2.1 Magnetic fields generated by a random flow
For our numerical study, we use a random magnetic field produced by kinematic fluctuation (small-scale) dynamo action. Using a triply-periodic cubic box of length , with grid points, we solve the induction equation
where is a prescribed velocity field and is the magnetic diffusivity, which we take to be constant. To ensure , we numerically solve for the corresponding magnetic vector potential. We define the magnetic Reynolds number to be , where is the outer scale of the turbulent velocity flow and is the root-mean-square (rms) velocity. Dynamo action occurs, i.e., the magnetic field grows exponentially, if exceeds a critical magnetic Reynolds number, , whose value depends on the velocity field.
We construct the velocity field, , by superposing Fourier modes with a range of wavenumbers, , and a chosen energy spectrum , using the same prescription as Fung et al. (1992) and Wilkin et al. (2007):
where , is a randomly oriented wavevector of magnitude , and is the frequency at that scale. The vectors and have random directions in the plane perpendicular to , so that the flow is incompressible (). Their magnitudes determine the power spectrum , and are chosen such that and the rms velocity is . We chose with such that the flow is periodic, and with distinct between to , where is the width of our domain which is also equal to the outer scale, , of the velocity flow. This flow acts as a dynamo if , and produces a spatially intermittent magnetic field, as can be seen in the left-hand panel of Fig. 1 and Fig. 2.
The presence of structures in the magnetic field affects the propagation of cosmic rays, especially for low energy particles. For such particles, intermittency enhances cosmic ray diffusion (Shukurov et al., 2017). Here we are interested in exploring the correlation between the magnetic field and cosmic rays. The intermittent nature of this dynamo-generated magnetic field provides an excellent test case for this study since there are localized regions of strong magnetic field.
We also consider a Gaussian random magnetic field having the same power spectrum as the intermittent magnetic field. Such a Gaussian random field is obtained as follows: First, a spatial Fourier transform of the intermittent magnetic field is taken and then each complex mode is multiplied with a random phase. Then taking an inverse Fourier transform gives a Gaussian randomized magnetic field with unchanged , but where coherent structures have been destroyed (Chapter 7 in Biskamp, 2003; Snodin et al., 2013; Shukurov et al., 2017). The structural difference between intermittent and Gaussian random magnetic field is illustrated in Fig. 1 which shows the magnetic fields in a 2D cut through the middle of the numerical domain, with colours showing the third component. Figure 2 shows the filamentary structure of the intermittent magnetic field (at of order ten). The probability distribution function (PDF) of a single component of both the intermittent and randomized field is shown in Fig. 3. The intermittent field has long heavy tails, whereas the randomized field has a Gaussian probability distribution.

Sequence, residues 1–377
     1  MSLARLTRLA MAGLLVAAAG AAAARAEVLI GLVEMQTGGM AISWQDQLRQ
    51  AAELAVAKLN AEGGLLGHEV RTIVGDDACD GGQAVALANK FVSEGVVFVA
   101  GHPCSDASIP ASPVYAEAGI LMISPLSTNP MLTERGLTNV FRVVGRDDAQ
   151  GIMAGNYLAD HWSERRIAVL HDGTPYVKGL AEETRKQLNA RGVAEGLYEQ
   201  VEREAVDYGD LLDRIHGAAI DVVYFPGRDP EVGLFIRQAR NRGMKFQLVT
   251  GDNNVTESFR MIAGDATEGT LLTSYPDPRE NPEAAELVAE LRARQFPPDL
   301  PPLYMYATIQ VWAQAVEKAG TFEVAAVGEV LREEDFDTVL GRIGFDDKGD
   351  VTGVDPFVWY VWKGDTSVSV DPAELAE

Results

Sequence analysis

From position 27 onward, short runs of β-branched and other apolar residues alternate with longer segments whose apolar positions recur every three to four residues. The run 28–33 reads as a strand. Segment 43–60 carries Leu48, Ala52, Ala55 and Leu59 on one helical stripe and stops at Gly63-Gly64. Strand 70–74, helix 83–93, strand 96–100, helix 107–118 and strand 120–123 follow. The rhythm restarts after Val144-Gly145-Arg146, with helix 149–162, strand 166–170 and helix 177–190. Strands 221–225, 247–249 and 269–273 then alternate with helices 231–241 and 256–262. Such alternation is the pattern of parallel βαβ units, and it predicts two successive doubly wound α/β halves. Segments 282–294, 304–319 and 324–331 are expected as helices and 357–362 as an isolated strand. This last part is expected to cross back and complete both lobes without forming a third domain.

2.2 Large-scale magnetic field
The ISM contains both fluctuating (small-scale) and mean (large-scale) magnetic fields (Chapter 5 in Klein & Fletcher, 2015; Beck et al., 1996; Beck, 2016). The large-scale component is correlated over several whereas the small-scale component has a correlation length less than the correlation scale of turbulence (). The small-scale and the large-scale components of the magnetic field contain comparable energies. By comparing large-scale magnetic field models (with resolution of ) of a spiral galaxy with observations, Moss et al. (2007) found that a spatially uniform distribution of cosmic rays was better at matching the observations than an equipartition assumption between cosmic rays and large-scale magnetic field. This suggest that the cosmic rays may not be correlated with large-scale magnetic field.